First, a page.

American Airlines Chief Information Officer Monte Ford is the only executive from a travel company named on Fortune's smartest people in tech list -- a designation that's a jaw-dropper to everyone I've mentioned it to.
This is no diss of Ford, who joined the airline in 2000, and may be the sharpest guy in the world.
But, American isn't exactly known for its tech leadership.
Fortune credits Ford, number 34 in its top 50, for dismantling the airline's mainframes, signing a new reservations-system agreement with HP that emphasizes cloud computing [and, I have to point out, may be years away from implementation], and introducing a handheld device which enables airline employees to assist passengers at airports.
But, these accomplishments hardly position American Airlines as a leading technology light in the travel industry -- let alone in U.S. business as a whole.
While American is in the very initial stages of providing some tech leadership with its new AA Direct Connect ancillary services strategy, the airline lags many others in its consumer-tech strategy.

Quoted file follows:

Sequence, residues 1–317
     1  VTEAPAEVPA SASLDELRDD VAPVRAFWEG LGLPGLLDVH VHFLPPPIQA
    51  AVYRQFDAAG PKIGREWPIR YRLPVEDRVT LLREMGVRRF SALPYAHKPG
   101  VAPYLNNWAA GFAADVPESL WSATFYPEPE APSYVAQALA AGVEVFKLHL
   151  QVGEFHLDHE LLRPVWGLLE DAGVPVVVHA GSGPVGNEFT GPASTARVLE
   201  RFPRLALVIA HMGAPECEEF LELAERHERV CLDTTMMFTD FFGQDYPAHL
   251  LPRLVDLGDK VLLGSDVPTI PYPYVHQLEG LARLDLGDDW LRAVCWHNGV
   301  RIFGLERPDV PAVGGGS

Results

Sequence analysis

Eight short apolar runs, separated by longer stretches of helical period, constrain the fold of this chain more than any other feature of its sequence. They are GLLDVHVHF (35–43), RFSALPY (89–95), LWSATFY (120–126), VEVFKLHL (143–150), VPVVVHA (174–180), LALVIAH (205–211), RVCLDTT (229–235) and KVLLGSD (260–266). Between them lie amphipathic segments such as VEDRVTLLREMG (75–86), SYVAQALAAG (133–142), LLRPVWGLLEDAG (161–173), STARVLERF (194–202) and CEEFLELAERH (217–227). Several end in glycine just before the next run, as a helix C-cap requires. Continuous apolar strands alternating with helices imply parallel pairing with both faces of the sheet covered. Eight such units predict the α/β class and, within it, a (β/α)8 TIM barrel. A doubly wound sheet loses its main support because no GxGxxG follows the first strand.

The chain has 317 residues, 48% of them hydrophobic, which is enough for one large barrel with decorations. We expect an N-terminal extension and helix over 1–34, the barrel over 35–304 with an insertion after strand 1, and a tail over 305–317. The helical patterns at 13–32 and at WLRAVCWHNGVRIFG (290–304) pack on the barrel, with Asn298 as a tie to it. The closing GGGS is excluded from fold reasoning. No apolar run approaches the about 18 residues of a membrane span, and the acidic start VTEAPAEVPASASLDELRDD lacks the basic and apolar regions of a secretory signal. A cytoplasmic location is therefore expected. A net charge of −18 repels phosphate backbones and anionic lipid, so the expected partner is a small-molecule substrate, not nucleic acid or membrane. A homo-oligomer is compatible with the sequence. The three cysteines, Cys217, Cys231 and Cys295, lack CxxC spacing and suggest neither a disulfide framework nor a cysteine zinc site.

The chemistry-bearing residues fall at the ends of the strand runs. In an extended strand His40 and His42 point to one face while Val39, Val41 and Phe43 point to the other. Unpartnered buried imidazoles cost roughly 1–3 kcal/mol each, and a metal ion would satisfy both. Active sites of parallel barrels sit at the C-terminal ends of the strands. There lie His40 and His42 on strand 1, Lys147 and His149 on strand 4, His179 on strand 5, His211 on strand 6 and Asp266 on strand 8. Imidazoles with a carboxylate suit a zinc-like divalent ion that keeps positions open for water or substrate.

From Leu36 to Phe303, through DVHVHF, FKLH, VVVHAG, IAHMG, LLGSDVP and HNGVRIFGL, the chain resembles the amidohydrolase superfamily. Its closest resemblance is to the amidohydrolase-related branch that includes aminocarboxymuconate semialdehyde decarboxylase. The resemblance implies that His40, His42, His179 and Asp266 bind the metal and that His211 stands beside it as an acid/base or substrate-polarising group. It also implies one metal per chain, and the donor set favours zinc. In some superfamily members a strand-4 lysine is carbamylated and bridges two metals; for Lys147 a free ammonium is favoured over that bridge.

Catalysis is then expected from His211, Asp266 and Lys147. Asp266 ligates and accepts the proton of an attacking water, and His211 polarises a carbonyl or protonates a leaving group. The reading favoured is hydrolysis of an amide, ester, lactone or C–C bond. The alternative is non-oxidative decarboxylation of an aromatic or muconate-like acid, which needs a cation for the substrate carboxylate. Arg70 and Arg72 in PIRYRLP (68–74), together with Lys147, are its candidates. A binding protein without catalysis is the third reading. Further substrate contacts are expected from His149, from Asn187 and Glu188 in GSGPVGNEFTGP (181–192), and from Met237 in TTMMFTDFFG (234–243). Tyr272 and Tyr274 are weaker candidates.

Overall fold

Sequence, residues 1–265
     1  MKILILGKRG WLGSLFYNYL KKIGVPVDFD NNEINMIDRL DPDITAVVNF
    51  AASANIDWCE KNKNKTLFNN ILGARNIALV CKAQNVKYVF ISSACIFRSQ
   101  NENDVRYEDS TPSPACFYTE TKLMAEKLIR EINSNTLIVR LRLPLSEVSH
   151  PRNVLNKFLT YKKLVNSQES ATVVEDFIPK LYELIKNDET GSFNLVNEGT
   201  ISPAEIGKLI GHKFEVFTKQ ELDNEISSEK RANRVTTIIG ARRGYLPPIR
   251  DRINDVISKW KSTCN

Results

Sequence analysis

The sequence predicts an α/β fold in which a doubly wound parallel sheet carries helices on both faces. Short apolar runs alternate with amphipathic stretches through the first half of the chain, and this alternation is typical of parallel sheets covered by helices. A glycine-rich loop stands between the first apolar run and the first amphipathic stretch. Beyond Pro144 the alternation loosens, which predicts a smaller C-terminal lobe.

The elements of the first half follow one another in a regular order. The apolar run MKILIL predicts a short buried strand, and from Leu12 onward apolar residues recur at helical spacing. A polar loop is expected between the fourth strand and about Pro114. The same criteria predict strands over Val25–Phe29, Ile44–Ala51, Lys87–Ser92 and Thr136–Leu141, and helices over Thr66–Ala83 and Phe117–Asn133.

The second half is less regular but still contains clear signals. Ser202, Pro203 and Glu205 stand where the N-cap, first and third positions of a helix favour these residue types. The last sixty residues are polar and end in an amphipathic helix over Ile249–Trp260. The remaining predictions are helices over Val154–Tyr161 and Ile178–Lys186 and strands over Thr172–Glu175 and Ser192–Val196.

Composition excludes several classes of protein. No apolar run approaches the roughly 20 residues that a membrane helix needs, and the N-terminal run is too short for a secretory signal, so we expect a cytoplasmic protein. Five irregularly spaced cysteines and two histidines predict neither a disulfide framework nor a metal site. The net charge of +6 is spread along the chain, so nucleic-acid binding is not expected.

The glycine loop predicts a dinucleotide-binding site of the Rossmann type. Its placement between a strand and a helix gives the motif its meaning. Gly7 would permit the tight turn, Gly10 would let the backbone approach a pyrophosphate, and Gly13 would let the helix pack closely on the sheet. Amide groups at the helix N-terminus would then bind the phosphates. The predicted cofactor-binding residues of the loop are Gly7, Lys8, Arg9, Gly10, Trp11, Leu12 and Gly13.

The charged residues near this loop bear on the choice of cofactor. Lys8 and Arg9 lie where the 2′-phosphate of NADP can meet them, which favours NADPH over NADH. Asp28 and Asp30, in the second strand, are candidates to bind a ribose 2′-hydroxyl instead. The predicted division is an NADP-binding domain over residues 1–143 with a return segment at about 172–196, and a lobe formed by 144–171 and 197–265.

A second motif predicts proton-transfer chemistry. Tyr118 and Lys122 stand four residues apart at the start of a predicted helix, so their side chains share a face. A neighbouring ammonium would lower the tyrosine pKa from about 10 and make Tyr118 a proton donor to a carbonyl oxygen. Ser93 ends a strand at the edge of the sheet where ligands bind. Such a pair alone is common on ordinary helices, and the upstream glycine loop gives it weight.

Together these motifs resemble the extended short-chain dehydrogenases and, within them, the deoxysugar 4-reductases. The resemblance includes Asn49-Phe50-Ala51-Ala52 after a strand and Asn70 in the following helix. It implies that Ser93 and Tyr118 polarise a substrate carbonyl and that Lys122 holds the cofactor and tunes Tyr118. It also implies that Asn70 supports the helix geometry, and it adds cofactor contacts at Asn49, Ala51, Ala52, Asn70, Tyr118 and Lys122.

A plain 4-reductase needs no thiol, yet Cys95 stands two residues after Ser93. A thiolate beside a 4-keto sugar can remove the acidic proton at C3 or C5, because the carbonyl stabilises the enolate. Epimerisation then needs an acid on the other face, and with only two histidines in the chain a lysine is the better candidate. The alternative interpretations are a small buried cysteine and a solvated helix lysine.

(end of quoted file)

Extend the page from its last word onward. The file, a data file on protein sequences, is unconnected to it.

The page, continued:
For example, American is way behind some other carriers in getting its fleet outfitted with Wi-Fi, and AA.com still doesn't enable travelers to pay for their checked bags online.
Customers have to pay for their checked bags at the airport at a self-service kiosk, curbside or at a ticket counter.
And, according to U.S. Department of Transportation statistics (pdf) which cover May 2010, American had the most mishandled baggage reports per passenger of any U.S. major carrier.
Certainly, the travel industry has other luminaries in addition to Ford to offer as candidates for the smartest travel people in tech.
Which individuals from the travel industry would you pick and why?
Also, Fortune limited its list to smart techies at large U.S. companies.
Your candidates might include global choices, from travel companies large and small.
Please don't make your nominees self-serving ones. [PR representatives -- you know what I mean.]